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A phrase that grinds my gears

You wanna know what grinds my gears... When people say the phrase "he/she is on the spectrum". That spectrum can refer to many things. Most commonly I've heard it used for someone with autism but it isn't exclusively used for that.

Why do I get annoyed by the phrase... Because if something is a spectrum then we are likely to all be on it. That's just how spectrums work. And with autism, this is very much the case as well. Everyone is on the spectrum, just very few of us are at the end of it that gets diagnosed as autism. I'd much prefer that you instead told me "he/she has Aspergers/Rett/PDD/social communication disorder/etc", or even just say autism. Like it's more accurate, informative and creates a lot more awareness of the specific needs of the person.

Anyway this is just a pet peeve. If you are autistic, feel free to weigh in. Especially about your preferences. Would love to hear how you guys feel about the terminology 馃槉
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Miram26-30, F
It is academically called autism spectrum disorder because there are varying degrees of certain traits, and traits.

I don't think that spectrum means you're ALL on it.
Miram26-30, F
[@448067,Qwerty14]

I would like to see these articles. I don't know anyone professional currently claiming EVERYONE is on the spectrum.

It's better to accept differences instead of deny they exist.

[quote]You said Rett shouldn't be included but even that is very controversial and widely debated among people.[/quote]

No, I didn't say it shouldn't be included. I know for a fact it's not included anymore. It has been removed. Feel free to consult the DSM-5 for confirmation.

You seem to be talking about laymen opinions and understanding of words. When words like autism are used by general population it can be twisted and changed..Same for spectrum.

In academics there is unified lexicon which I am sure you know. We can't be using different personal meanings. And when we dare do that, we have to define and justify the changes.

I have been in healthcare for a while , medical genetics in fact. Rett syndrome isn't something new to me. I am very familiar with it. I also have sibling who are diagnosed with ASD.

My last note isn't about you not understanding what spectrum means in psychiatry and psychology. It's a general remark in relation to the last question in your thread.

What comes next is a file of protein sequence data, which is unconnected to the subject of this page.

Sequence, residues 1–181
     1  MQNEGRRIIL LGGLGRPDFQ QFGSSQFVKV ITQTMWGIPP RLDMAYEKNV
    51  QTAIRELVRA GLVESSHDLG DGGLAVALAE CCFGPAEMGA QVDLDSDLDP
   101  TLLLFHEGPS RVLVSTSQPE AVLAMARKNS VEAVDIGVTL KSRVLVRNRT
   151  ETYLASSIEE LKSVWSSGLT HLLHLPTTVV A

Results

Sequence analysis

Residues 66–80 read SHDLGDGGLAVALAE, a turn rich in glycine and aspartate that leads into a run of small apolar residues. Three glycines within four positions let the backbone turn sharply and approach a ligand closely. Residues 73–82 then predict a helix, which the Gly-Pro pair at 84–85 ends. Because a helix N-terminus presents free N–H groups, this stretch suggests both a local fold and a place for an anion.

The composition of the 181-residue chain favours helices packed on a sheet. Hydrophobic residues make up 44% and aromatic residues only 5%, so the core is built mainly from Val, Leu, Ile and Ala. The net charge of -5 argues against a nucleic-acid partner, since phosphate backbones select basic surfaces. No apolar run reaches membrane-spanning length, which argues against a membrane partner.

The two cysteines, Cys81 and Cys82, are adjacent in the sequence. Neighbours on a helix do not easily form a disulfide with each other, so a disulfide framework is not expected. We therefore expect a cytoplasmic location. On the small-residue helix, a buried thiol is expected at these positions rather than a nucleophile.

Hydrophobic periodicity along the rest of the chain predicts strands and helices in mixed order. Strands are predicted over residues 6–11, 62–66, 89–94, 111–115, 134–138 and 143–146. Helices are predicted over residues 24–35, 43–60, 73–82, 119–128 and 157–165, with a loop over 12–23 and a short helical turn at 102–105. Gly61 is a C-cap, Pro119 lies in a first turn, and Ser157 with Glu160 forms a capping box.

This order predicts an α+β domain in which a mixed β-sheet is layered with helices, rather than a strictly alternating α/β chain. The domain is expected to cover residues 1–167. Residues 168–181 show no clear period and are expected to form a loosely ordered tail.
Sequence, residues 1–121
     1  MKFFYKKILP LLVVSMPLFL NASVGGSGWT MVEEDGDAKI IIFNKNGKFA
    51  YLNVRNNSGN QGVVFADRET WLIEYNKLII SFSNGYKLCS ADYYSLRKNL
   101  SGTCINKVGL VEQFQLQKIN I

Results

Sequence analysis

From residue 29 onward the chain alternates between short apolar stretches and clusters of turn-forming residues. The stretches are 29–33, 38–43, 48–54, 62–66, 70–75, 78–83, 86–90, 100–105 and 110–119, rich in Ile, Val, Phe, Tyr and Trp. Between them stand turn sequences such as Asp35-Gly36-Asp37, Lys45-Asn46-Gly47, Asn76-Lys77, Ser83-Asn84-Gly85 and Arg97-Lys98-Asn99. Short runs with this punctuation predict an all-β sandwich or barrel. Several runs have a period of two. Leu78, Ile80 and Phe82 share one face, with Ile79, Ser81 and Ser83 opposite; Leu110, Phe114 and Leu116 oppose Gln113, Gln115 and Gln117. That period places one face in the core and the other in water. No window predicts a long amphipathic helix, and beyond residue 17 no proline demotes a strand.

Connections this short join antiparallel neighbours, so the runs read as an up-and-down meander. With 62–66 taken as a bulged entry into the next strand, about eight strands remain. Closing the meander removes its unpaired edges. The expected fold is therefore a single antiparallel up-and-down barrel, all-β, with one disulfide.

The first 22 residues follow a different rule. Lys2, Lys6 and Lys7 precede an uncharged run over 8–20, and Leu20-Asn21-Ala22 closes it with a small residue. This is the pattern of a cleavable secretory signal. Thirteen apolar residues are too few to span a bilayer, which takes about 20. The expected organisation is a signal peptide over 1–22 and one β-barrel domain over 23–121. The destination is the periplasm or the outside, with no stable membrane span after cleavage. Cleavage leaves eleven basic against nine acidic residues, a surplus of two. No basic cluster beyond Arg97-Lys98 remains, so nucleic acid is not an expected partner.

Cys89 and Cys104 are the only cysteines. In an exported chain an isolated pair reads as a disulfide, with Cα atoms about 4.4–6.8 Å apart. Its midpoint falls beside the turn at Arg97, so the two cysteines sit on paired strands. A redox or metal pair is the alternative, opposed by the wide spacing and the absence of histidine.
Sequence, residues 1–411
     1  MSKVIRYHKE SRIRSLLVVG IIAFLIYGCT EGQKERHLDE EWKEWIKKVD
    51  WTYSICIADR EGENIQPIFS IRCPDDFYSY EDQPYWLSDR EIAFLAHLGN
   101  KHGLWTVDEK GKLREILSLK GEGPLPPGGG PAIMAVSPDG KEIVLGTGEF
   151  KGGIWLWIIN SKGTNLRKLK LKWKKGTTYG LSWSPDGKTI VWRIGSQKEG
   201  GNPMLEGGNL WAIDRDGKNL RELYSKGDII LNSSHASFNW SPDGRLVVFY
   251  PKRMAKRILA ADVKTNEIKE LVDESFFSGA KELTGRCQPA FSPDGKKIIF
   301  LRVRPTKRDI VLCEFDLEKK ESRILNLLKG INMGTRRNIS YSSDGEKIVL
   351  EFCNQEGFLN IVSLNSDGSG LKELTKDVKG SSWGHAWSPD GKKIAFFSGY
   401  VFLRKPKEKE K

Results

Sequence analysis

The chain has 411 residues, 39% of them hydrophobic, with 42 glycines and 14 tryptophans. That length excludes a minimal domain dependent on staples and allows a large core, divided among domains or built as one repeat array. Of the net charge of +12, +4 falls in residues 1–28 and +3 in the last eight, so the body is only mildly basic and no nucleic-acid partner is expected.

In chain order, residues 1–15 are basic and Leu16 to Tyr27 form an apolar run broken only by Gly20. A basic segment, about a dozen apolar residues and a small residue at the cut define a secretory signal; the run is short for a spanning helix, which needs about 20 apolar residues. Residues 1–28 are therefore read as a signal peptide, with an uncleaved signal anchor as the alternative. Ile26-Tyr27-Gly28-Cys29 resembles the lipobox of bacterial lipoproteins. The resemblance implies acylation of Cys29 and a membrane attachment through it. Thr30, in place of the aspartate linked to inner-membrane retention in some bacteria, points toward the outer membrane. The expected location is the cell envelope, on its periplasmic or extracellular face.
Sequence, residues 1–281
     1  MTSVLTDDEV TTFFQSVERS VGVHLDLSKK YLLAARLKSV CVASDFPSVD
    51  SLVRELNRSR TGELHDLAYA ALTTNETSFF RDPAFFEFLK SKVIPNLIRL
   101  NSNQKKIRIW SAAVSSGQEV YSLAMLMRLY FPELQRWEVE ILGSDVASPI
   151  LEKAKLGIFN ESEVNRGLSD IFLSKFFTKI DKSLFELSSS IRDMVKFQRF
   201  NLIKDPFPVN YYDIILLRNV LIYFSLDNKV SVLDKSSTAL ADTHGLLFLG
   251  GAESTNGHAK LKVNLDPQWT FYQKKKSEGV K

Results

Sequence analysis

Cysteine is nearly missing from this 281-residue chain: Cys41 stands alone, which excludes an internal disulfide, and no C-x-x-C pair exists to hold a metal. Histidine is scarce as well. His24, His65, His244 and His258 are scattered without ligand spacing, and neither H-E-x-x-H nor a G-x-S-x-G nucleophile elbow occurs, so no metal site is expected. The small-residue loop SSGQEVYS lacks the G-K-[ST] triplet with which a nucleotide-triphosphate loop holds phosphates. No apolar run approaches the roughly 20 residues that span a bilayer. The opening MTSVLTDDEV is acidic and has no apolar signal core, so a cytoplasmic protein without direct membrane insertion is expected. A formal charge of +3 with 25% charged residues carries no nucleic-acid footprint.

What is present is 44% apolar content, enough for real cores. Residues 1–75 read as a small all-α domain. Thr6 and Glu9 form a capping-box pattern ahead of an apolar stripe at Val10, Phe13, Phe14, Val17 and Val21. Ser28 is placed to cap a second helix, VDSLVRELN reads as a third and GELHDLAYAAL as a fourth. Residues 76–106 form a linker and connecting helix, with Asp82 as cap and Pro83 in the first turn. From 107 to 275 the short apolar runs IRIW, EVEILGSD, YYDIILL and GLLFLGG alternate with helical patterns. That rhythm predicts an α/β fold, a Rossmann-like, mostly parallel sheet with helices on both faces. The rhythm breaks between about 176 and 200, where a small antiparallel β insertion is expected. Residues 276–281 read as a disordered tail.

I think a lot of people misunderstand ASD. They think it's about similarities in behaviors..they see couple of kids behaving certain way and they think it's proper diagnosis because they've seen other kids who are diagnosed do the exact same thing.

[i]Oh he is behaving like an autistic
[/i] That is very stupid. ASD also eat, does that mean everyone who eats is autistic?

Getting a diagnosis requires several sessions with a professional. And even then, there might and have been misdiagnosis, and over-diagnosis.

Never-mind someone untrained doing it.

You brought up genes in autism. about 100 genes are [b]linked [/b]to autism. Linked being the keyword. There is no genetic test used to diagnose autism.

It would be like using genetic test to diagnose diabetes when the genes aren't even activated, just present in your DNA.

Genes in these context determine likehood, not whether or not the person has ASD.
[@542305,Miram] Fair enough. You seem to give far more shits than I do about this, so even though I don't agree with you, I'm willing to concede as I'm not up for the debate at all.
Miram26-30, F
[@448067,Qwerty14] This isn't about debating, this is about learning.

Anyway, I uploaded the DSM-5 for you so you can check for yourself. page 57, differential diagnosis.

https://drive.google.com/file/d/1Mv3zRZaubnEvPR_SF8bUd9oV45NgbcjD/view?usp=sharing

The articles you're reading are most likely outdated or written outside academics.

Of course I give shit.
RubySoo51-55, F
I worked with kids for the best part of 20 years and have assisted kids who were 'on the spectrum'.
A number had a confirmed diagnosis but many more were considered 'on the spectrum'.
Yet many others, not officially 'on the spectrum' showed behaviours associated with ASD.
I do feel that ASD is a bit of a 'cop out' bunching a broad range of people under the same under umberella. And i can comfirm that is a huge umberella! Ive been expected to support group of ASD kids in the classroom in the past.....and their needs are all so very different.
[@329653,RubySoo] Thank you. That was very well said. This is kind of what I mean. Saying only people diagnosed as having ASD are "on the spectrum" can be problematic. Also saying your kid is "on the spectrum" without really knowing that child's specific characteristics and needs isn't very helpful. It would be nice if the language we use helped better reflect the individuals that deal with autism
RubySoo51-55, F
[@448067,Qwerty14] it isn't helpful when it comes to ensuring they get the best interventions ( where necessary) to help or support their individual needs. Grouping them together isnt helpful for anyone. ASD doesnt even hint at their academic ability or specific needs. It doesnt even start.

 
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